Representing further consolidation in the mobile marketing space, ValueClick has acquired mobile display ad network Greystripe for $70 million. The company hopes the purchase will help it unlock more of advertisers’ branding budgets, and better position it to capitalize on continued predicted growth in the mobile marketing space.
Prior to the acquisition, ValueClick’s Media division had “a very nascent, organic mobile initiative, but didn’t have scale,” the company’s VP of corporate development and investor relations, Gary J. Fuges, told ClickZ. “That’s exactly why Greystripe was so attractive,” he said.
ValueClick’s existing solutions focus heavily on lead generation and direct response marketing services, through businesses such as its Commission Junction affiliate marketing platform. However, Fuges said the company saw an opportunity to diversify its offerings and to open up access to branding budgets previously unavailable to it.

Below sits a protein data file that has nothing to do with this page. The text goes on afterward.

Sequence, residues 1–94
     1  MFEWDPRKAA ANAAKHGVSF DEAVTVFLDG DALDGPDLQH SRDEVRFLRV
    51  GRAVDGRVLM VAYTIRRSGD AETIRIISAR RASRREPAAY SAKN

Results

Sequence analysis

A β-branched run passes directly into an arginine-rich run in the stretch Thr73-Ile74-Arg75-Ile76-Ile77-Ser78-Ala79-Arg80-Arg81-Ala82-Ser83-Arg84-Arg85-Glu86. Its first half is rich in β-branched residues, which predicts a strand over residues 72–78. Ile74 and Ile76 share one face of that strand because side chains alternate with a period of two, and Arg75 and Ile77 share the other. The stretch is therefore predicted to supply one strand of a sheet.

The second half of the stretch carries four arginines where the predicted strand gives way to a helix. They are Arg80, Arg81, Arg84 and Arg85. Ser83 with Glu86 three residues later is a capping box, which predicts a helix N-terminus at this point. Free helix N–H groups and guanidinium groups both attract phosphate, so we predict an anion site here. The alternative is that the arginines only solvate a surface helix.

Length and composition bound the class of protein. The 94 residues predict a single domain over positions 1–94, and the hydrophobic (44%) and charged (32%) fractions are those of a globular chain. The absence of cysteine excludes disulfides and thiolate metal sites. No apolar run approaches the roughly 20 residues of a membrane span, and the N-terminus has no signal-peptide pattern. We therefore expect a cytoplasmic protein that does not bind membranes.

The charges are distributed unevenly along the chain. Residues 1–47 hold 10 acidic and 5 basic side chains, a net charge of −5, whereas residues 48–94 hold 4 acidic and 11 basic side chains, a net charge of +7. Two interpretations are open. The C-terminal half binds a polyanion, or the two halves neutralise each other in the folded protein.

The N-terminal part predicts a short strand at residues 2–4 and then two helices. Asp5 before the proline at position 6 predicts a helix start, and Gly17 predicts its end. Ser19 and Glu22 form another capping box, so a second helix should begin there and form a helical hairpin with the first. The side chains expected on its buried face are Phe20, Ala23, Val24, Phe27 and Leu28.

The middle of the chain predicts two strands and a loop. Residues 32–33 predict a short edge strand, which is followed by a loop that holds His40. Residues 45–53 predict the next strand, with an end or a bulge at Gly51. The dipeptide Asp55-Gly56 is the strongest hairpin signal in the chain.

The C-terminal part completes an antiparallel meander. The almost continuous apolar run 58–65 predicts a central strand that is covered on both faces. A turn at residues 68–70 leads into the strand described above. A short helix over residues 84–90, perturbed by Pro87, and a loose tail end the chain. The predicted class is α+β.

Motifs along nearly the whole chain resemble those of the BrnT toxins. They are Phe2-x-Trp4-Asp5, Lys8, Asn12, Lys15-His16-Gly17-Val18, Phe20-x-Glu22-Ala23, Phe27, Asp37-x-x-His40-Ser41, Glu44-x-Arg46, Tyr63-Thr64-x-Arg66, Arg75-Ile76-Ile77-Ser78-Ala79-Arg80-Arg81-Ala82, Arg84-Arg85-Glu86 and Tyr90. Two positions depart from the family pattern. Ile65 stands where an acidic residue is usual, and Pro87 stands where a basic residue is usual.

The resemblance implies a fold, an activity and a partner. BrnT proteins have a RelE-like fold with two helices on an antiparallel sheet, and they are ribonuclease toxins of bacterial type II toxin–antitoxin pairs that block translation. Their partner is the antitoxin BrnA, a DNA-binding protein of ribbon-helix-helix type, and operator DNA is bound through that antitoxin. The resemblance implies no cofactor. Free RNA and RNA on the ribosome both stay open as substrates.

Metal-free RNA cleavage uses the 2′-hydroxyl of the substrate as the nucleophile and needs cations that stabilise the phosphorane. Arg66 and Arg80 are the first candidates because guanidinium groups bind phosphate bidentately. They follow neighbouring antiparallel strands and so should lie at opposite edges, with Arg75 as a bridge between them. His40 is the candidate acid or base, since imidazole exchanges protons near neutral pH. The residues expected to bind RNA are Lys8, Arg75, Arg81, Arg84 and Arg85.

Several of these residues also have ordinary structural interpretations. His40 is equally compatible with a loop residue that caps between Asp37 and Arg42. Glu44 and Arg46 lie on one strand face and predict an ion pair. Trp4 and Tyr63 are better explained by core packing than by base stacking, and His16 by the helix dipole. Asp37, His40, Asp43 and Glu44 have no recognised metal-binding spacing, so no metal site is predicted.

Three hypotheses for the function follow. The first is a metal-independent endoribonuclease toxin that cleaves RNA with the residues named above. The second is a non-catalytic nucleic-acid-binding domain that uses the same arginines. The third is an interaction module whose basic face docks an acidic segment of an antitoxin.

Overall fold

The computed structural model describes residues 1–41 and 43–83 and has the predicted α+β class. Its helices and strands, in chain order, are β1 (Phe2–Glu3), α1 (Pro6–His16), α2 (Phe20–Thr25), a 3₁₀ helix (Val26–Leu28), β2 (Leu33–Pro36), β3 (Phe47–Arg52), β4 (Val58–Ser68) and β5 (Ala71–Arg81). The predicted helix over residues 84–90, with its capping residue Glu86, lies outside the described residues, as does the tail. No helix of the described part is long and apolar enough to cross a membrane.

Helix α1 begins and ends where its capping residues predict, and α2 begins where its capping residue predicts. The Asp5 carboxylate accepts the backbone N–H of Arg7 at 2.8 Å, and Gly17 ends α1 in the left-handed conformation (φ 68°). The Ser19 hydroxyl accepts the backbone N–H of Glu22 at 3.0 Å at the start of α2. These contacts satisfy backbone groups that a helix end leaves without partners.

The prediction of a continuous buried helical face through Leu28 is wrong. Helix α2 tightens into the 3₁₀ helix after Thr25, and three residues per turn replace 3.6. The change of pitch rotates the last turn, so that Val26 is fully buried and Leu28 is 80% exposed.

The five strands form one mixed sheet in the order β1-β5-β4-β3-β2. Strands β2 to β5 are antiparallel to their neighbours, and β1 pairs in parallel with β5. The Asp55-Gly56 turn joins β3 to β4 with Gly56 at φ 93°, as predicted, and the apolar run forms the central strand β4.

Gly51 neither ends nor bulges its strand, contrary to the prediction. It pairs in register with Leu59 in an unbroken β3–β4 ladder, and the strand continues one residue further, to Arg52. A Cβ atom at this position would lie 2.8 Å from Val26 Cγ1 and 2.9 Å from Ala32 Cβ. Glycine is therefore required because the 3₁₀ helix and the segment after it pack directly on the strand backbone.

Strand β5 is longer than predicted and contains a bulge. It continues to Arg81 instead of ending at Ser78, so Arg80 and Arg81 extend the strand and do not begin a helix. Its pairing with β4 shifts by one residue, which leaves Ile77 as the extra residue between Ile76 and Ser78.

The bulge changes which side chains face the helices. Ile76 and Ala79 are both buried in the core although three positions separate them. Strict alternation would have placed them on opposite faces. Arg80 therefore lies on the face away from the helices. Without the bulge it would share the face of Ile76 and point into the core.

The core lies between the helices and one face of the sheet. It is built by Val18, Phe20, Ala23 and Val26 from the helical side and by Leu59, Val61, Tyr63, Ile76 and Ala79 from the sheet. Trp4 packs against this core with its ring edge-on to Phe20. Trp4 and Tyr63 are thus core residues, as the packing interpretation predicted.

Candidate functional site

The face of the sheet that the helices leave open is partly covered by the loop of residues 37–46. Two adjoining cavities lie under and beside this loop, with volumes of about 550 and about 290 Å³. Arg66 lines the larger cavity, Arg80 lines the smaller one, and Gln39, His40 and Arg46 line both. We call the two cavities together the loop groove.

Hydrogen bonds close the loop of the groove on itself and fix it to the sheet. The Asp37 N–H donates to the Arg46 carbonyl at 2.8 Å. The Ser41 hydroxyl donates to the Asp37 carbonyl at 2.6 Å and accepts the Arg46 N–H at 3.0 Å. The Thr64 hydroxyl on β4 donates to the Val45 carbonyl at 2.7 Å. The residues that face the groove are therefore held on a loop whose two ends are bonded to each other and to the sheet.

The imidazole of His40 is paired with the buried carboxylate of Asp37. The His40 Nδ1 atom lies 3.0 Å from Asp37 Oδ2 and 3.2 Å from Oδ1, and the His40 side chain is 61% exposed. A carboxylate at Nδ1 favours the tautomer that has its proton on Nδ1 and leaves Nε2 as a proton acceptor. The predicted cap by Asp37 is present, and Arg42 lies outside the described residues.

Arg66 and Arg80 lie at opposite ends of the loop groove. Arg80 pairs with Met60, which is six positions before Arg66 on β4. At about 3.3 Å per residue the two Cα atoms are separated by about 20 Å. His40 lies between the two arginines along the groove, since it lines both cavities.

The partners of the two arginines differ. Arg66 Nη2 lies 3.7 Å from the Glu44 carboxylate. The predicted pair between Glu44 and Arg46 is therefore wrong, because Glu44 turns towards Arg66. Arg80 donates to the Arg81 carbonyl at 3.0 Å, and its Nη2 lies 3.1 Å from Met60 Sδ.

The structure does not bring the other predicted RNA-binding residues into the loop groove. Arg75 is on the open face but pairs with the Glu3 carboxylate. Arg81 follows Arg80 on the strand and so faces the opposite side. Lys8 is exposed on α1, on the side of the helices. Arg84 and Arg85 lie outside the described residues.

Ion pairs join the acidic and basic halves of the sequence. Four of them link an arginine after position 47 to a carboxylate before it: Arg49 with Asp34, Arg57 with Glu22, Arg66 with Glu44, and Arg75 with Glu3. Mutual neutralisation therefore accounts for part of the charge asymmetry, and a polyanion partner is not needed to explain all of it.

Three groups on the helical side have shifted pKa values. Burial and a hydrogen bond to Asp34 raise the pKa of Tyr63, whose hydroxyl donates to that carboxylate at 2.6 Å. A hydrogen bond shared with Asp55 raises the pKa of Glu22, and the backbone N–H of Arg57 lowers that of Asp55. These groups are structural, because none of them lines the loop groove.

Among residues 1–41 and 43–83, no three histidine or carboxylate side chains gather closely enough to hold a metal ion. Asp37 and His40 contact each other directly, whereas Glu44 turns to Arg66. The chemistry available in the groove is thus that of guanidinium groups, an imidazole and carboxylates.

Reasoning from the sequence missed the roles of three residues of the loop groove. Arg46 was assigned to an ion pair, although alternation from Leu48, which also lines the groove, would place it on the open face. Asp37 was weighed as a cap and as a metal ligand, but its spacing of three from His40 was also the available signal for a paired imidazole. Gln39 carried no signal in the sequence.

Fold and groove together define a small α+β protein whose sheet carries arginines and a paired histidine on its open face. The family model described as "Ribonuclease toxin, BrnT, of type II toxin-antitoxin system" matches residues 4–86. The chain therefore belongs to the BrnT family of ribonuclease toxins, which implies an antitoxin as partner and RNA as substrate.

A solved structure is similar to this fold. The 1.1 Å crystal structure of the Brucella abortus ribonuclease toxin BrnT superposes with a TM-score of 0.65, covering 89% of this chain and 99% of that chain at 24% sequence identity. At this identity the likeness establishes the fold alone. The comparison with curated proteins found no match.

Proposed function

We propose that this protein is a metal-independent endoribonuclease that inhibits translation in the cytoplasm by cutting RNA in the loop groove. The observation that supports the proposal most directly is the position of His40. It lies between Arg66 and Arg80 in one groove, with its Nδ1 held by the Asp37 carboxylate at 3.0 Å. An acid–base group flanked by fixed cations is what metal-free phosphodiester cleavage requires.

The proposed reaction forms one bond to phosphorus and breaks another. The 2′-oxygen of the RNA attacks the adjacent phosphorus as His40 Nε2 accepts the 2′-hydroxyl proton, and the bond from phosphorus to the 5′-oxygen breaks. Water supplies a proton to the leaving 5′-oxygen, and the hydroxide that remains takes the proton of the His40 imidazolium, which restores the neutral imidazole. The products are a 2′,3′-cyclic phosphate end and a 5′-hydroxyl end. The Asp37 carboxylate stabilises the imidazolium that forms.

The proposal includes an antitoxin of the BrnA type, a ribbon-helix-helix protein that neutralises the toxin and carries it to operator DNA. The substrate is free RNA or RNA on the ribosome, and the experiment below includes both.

“Most of what we do is direct response, but this acquisition allows us to take a branding offering the brands we already work with,” Fuges said, suggesting it plans to sell mobile ads to existing clients for its other offerings like Commission Junction.
San Francisco-based Greystripe sells and serves mobile display ads across more than 3,000 mobile apps and websites, and claims to reach over 30 million users on a monthly basis.
Following the acquisition, its 39 staffers will be retained, and will operate as a wholly owned ValueClick subsidiary. The Greystripe branding will likely be retained in some form, Fuges said, in order to retain the traction it’s already gained in the marketplace.
Following the integration of the new business, ValueClick will also look for synergies and parallels with its existing ValueClick Media business. Though the mobile side of that business has been diminutive to date, Fuges said existing relationships with publishers in the online space could potentially result in those partners pushing their mobile inventory through Greystripe’s network, for example.
The company said it looked at a number of options besides Greystripe for its expansion into the mobile arena, but felt that the company’s management, culture, and business model was most aligned with its own.